Friday, April 30, 2010
US-China Sub-Dialogue on South Asia
As China and the US gear up to "manage" South Asia, is this going to be the new theatre of conflict and competition? Or is Asia going to be left at the hands of the Chinese to manage and the US becomes the hegemonic power in Europe?
US Assistant Secretary of State for South and Central Asia, Robert Blake who has been on a two-week tour to Nepal, Bhutan and China, will lead a delegation to Beijing for a bilaterl dialogue on matters South Asia on May 3-4, 2010. Blake is believed to initiate the dialogue by interactions with Chinese officials as well as the academics/think-tank community. Both China and the US, in fact, appears to be moving beyond the status of an "Observer" to pro-active participants in the affairs of the Indian Subcontinent.
Will China's pro-activism come at the cost of India? Until now, Beijing's government machinery was keen on ensuring that India remained a South Asian power, today, Beijing is beginning to challenge New Delhi in that very region. Has India taken a cosnious decision to outsource matters South Asia to China for the years/decades to come? What is the gameplan of the Indian government machinery? If India's aspirations to become even an Asian power are to be materialised, it should, in the first place, sort out its relations with its South Asian neighbours.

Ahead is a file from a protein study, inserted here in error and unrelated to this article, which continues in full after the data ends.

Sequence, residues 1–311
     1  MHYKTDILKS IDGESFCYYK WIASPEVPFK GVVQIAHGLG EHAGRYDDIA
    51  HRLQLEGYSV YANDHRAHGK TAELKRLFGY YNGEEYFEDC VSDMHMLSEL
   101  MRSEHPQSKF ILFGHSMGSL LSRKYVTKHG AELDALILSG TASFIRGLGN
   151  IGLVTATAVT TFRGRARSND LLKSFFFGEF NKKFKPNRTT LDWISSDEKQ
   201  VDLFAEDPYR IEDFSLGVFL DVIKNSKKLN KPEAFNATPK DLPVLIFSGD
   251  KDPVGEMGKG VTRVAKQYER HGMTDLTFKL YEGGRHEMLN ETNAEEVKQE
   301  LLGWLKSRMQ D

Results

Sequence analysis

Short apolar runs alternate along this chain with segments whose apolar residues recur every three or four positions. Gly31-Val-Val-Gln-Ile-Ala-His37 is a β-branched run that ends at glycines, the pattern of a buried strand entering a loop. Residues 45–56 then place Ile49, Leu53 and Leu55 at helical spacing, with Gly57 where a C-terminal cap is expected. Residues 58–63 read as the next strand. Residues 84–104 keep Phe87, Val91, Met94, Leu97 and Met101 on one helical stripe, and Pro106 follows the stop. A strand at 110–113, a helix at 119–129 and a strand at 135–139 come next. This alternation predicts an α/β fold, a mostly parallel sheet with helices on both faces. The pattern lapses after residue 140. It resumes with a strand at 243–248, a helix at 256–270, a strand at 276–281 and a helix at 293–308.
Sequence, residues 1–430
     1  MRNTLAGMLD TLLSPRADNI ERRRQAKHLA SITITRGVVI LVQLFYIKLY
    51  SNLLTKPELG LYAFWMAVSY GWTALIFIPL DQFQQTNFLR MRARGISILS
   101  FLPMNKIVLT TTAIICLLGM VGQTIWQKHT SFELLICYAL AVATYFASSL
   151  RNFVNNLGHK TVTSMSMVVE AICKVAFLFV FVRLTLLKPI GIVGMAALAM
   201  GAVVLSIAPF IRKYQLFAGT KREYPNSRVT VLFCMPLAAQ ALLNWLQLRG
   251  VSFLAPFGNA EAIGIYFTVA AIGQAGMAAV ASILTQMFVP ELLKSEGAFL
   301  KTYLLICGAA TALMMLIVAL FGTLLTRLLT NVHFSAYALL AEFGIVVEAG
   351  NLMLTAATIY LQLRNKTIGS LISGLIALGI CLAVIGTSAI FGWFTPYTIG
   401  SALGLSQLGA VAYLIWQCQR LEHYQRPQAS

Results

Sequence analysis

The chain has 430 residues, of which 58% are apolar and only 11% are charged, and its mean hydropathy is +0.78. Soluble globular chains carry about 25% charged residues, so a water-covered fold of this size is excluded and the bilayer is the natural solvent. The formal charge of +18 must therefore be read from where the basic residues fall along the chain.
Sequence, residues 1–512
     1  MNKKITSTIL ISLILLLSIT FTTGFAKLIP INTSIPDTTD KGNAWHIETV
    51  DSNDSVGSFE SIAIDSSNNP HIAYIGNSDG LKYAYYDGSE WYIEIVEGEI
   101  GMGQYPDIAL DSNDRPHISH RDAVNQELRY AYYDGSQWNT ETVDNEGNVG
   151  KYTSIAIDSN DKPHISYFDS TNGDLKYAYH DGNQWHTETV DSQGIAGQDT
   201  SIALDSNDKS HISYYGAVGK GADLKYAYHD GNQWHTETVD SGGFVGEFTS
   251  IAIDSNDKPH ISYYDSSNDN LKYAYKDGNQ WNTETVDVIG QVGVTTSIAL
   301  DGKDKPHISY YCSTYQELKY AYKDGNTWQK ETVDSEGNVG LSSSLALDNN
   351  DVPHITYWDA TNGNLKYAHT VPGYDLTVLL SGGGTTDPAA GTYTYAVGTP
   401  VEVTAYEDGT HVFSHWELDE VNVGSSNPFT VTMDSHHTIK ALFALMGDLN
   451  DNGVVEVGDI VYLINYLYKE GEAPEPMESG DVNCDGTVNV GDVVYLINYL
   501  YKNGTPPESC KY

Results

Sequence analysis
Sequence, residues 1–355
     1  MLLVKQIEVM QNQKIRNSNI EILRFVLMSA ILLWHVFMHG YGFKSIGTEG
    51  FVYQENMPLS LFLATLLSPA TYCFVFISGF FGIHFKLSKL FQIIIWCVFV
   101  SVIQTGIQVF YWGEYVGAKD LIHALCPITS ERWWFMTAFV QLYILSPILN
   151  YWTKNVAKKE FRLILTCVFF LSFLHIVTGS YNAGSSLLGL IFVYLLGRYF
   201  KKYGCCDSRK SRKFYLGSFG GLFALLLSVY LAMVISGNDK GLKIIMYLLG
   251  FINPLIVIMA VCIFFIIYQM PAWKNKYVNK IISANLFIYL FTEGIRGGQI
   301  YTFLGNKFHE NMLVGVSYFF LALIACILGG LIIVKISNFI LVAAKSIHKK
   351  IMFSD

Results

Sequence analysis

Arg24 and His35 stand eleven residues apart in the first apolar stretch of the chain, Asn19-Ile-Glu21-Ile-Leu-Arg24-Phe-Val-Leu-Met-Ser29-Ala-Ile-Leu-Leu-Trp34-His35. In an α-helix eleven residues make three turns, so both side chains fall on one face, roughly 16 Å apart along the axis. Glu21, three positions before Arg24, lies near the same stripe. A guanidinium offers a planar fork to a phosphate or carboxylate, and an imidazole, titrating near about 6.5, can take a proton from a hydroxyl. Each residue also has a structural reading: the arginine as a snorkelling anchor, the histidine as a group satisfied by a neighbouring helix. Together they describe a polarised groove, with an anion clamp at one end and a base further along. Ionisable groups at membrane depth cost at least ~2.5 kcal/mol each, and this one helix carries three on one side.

China is clearly taking important steps to solidify its relationship with SAARC as a whole, in addition to having excellent relations with each of the member countries. At the recently concluded SAARC Summit, Beijing proposed an assistance of $300,000 to the SAARC Development Fund.
China's pro-active approach towards South Asia appears to be a result of its own deepening relationship with South Asian countries as well as fulfilling its objective to emerge as a kind of "guardian" to all the South Asian countries. Second, it seems as an after-effect of the US-China Joint Statement in November 2009 for the two countries to jointly manage South Asia.